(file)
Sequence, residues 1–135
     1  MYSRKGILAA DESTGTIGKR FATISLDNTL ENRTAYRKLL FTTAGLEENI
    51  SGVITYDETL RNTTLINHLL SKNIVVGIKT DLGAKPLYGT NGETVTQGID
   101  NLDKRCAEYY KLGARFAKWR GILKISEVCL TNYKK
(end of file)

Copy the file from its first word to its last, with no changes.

Sequence, residues 1–135
     1  MYSRKGILAA DESTGTIGKR FATISLDNTL ENRTAYRKLL FTTAGLEENI
    51  SGVITYDETL RNTTLINHLL SKNIVVGIKT DLGAKPLYGT NGETVTQGID
   101  NLDKRCAEYY KLGARFAKWR GILKISEVCL TNYKK